Michael J. Hume

Michael J. Hume
Michael J. Hume

Michael J. Hume, along with Jahnna Beecham and Malcolm Hillgartner, wrote “Dogpark: The Musical” now playing at Oregon Cabaret Theatre. The trio has written other musicals, including “Holmes and Watson Save the Empire,” which Hume directed. He is currently in rehearsal for “The Heart of Robin Hood” and “A Midsummer Night’s Dream” at the Oregon Shakespeare Festival. We chatted one afternoon about the process of writing musicals with friends.

MH: It was like “Singing in the Rain.” Malcolm would be on the piano; we could just sit there writing songs and creating riffs. Then I’d come home and write, and we’d send computer stuff back and forth.

EH: It’s nice that you can collaborate; writing alone can be daunting.

MH: Nothing will send you screaming like that empty piece of paper. That’s when you decide that you really do like weeding — anything to not confront that. The key thing is, don’t stop and think. The pen (or the keypad) must always be flowing; don’t edit yourself, just do it. There are times when you’re just inspired, and it keeps coming, and that is rare. Don’t stop and look at the punctuation. Do that later.

EH: As an actor, what are the qualities of a director that you admire?

MH: A good director is someone who creates a very supportive, creative work environment. The energy in the room determines how many risks you take and how comfortable you feel to try something new. A good director is somebody who’s prepared, but not rigid about it, who can feed you ideas so subtly that you feel that they’re your own. A director’s going to be a different person to every person in the cast. Some actors want a parental figure. Some actors want to be completely left alone — they’ll know when they need help.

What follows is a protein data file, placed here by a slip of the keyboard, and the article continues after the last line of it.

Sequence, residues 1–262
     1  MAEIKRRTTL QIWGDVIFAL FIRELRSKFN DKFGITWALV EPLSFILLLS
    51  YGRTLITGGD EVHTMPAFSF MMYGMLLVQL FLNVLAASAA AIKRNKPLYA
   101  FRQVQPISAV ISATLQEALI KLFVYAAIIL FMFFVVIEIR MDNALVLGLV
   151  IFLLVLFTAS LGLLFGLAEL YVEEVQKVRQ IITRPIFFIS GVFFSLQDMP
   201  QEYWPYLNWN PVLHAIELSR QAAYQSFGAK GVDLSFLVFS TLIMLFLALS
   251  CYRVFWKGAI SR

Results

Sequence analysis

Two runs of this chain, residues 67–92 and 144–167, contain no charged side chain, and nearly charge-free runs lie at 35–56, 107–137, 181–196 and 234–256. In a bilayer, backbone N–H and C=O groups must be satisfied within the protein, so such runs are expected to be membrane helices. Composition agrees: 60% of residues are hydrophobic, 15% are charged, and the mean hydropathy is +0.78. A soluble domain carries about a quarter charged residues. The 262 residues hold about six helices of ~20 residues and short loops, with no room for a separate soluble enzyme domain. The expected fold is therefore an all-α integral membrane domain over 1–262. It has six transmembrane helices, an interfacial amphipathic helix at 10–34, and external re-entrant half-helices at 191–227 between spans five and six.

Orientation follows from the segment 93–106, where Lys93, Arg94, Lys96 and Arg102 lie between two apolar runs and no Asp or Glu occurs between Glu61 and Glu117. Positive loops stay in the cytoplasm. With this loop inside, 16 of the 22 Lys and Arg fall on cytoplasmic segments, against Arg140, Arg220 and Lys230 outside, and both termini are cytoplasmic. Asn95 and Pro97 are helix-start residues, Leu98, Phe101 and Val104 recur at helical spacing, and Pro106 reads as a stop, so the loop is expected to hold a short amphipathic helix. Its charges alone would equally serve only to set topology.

As a director, you spend hours of preparation, then it’s all thrown away the minute you walk into the rehearsal room. But you have all of that to back you up based on what’s going to be thrown to you. A good director says yes to all ideas. If you keep saying yes to an actor, his intuitive side is going to come out; and his bad ideas will go away eventually.

EH: At the American Conservatory Theatre, you were directed by Bill Ball; what did you learn from him?

MH: The unbridled theatricality; the great entrance. For group scenes, he would bring in big books of the Dutch Masters’ paintings, and he would say, “Look at all the different ways of how these bodies are relating.” He taught us how to sculpt ourselves so that the scene is always focused, but creating something interesting.

EH: You studied with Uta Hagen; what insights did she have for you?

MH: She used to say, “Overacting, underacting, there’s only acting. There’s no such thing as going too far, if you believe it, and you make the audience believe it, and it’s grounded in something real and true.”

EH: What are your criteria for a great production?

MH: One-hundred percent unity is nearly impossible. It’s really hard. All of the performers and all the designers on the same page, lined up with the director’s interpretation of the playwright’s intention. When it’s all unified, when it all tells a really clear story, when it involves you, when it moves you, when it makes you question your own position in the universe, when it’s all working with all of its pistons, that’s rare — a transcendent theater experience.

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